View our publications

As part of our research into topics including trade and productivity & skills, we have produced a series of detailed publications which you are welcome to download and study the findings.

Click on any publication you’re interested in below to view and download.

A Special Report: Infrastructure and Productivity WMCA

Authors: Jun Du and Mustapha Douch

This review was written for the West Midland Combined Authority’s Productivity and Skills Commission. It reviews the current understanding about how infrastructure impacts on productivity and growth, in the context of the UK and the West Midlands, so as to identify the key issues in the existing infrastructure and in turn offer recommendations.

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UK Trade in the New Globalised World

Authors: Agelos Delis, Mustapha Douch, Jun Du (Lead), Christos Ioannidis, Sandra L. Torres and Enrico Vanino.

State of the art on international trade and its drivers at both the aggregate and firm levels, by reviewing the literature and evaluating the UK’s position in the Global Value Chains (GVCs). It identifies what it is that we need to know about UK trade, but do not yet know, guide the prioritisation of the research agenda on the UK trade and productivity issues.

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Defying Gravity? Policy Uncertainty and Trade Diversion

Authors: Mustapha Douch, Jun Du and Enrico Vanino

This paper investigates the effects of trade policy uncertainty on firm export margins and trade diversion, exploiting the Brexit process as a natural experiment and using the UK’s transaction-level trade in goods data.

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Individual Ownership, Age of Firm, and Productivity

Authors: Mustapha Douch, Jun Du and Tomasz Mickiewicz

This paper investigates the relationship of ownership structure and concentration in determining productivity and how firm age plays an important role. The empirical work draws on the UK companies over 2008-2017, using large micro level data from Orbis.

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The Evolution of British Sectoral Exports to China, EU and US

Authors: Agelos Delis, Christos Ioannidis and Michalis Stamatogiannis

This paper analyses the evolution and determination of UK exports in the ten major sectors over the period 1962 – 2016, by estimating the export sensitivity to fluctuations in the real exchange rate and in world trend and cyclical income.

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The revised version of the paper employs more recent and more frequent data, using monthly observations from ONS for the period January 1998 to January 2020. We consider two export destinations EU and non-EU. Implementing the MM method, we estimate exchange rate and income elasticities of exports for several UK Sectors. We find that both UK sectoral export elasticities are smaller for the EU markets compared to non-EU. Sector specific elasticities vary, but their patterns are qualitatively similar across destinations. UK Sectors participating intensively in Global Value Chains (GVCs) have much lower responsiveness of their exports to changes in foreign demand, but higher with respect to changes in the exchange rate.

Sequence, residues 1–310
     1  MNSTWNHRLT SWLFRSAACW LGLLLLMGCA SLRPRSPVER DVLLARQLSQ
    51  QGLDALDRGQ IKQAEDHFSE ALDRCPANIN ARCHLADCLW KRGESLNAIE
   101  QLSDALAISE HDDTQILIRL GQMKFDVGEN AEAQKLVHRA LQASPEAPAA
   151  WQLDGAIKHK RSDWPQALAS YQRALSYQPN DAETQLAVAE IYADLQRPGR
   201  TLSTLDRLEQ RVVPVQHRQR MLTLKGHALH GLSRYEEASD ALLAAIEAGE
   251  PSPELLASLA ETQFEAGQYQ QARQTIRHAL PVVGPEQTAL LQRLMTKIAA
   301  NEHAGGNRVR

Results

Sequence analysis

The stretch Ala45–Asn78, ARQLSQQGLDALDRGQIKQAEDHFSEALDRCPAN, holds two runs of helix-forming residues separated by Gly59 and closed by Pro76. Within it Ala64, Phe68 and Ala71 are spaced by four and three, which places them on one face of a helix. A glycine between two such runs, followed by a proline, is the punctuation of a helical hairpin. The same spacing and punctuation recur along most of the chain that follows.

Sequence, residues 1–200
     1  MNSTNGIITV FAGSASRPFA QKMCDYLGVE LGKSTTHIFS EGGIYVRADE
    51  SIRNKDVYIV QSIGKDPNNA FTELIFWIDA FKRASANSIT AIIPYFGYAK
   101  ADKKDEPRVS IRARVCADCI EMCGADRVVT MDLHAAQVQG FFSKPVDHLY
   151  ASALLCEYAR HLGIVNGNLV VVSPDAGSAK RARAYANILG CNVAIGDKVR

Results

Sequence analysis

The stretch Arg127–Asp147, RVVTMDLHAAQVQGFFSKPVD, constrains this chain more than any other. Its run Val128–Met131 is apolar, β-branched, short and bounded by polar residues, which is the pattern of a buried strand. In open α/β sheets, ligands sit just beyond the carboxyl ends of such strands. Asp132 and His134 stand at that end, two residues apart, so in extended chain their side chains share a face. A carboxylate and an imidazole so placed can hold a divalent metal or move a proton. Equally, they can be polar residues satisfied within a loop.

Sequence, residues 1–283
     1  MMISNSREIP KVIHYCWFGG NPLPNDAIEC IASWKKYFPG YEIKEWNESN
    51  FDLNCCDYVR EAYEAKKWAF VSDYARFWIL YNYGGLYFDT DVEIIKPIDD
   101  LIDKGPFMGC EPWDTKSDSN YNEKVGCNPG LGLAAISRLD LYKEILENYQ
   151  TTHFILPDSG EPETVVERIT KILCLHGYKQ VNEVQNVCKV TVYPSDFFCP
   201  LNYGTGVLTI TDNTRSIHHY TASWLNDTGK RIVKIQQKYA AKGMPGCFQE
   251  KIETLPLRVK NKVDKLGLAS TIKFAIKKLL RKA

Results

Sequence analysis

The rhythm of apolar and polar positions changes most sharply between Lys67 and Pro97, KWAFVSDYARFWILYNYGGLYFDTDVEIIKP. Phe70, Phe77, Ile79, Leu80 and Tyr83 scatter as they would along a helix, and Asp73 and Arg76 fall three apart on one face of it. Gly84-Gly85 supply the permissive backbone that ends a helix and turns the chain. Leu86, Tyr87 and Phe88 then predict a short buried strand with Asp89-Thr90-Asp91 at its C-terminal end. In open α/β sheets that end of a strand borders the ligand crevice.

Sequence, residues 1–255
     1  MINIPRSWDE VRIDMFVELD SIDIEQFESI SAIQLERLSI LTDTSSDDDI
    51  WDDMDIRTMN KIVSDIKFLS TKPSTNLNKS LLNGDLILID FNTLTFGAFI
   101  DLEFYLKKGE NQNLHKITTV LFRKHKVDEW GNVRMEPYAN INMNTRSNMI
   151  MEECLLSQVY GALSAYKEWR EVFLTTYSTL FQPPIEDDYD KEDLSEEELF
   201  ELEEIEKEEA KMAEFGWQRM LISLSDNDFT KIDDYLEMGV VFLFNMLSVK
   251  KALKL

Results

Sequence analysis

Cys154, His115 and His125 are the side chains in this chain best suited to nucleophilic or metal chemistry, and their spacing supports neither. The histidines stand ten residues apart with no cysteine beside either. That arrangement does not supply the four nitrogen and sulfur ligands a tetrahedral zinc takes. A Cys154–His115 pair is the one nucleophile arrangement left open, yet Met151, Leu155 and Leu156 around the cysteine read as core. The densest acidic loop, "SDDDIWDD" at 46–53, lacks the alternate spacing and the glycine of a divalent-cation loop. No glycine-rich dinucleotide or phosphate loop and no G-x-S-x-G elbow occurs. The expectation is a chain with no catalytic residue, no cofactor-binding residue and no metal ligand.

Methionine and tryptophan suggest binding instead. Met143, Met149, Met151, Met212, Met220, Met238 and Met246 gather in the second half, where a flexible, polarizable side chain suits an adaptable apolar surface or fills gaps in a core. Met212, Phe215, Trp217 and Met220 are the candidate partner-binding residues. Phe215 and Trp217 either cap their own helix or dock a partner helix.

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UK Productivity & Skills

Researchers: Mustapha Douch, Jun Du (Lead), Tomasz Mickiewicz, David Morris

State of the art on the UK’s productivity and skills. It overviews the current literature about the productivity puzzle, distinguishing the UK’s zero-growth productivity problem since the financial crisis in 2008 from the UK’s long-term low productivity growth challenge. The report focuses on the skills issues in determining productivity but pays particular attentions on the role of technology in the skills-productivity links. It identifies what it is that we need to know about UK productivity challenges, but do not yet know, guide the prioritisation of the research agenda on the UK productivity issues.

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UK Tourism and Hospitality Sectors through COVIC-19: the dissolved, the liquidised and the dormant

Authors: Chris Cao, Jun Du and Michail Karoglou

This research provides fresh evidence on the scale of COVID-19 ’s immediate impact on the UK tourism and hospitality sectors up to 28 June 2020. We first summarise the business status of existing firms in the four major sectors of tourism and hospitality and the profiles of inactive firms then turn to analyse the historical trends of business entry and exits to project further business failure in the near term, before we finally provide recommendations on pathways to recovery.

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UK Professional and Business Services (PBS) Sectors and their International Traders

Authors: Mustapha Douch, Jun Du, Uzoamaka Nduka and Oleksandr Shepotylo

This project aims to understand the role of the UK’s Professional and Services sectors in the UK economy and the post-Brexit future their international traders face. We develop an insight paper and commentaries based on the written evidence submitted to the Parliament’s inquiry.

An insight paper is written about some facts found in this analysis, and a blog is published by the UK in Changing Europe.

A piece of written evidence was submitted for the Parliament Inquiry on European Union Committee: The future UK-EU relationship on the Professional and Business Services in June 2020. It has been adopted and published by the EU Services Sub-Committee October 2020.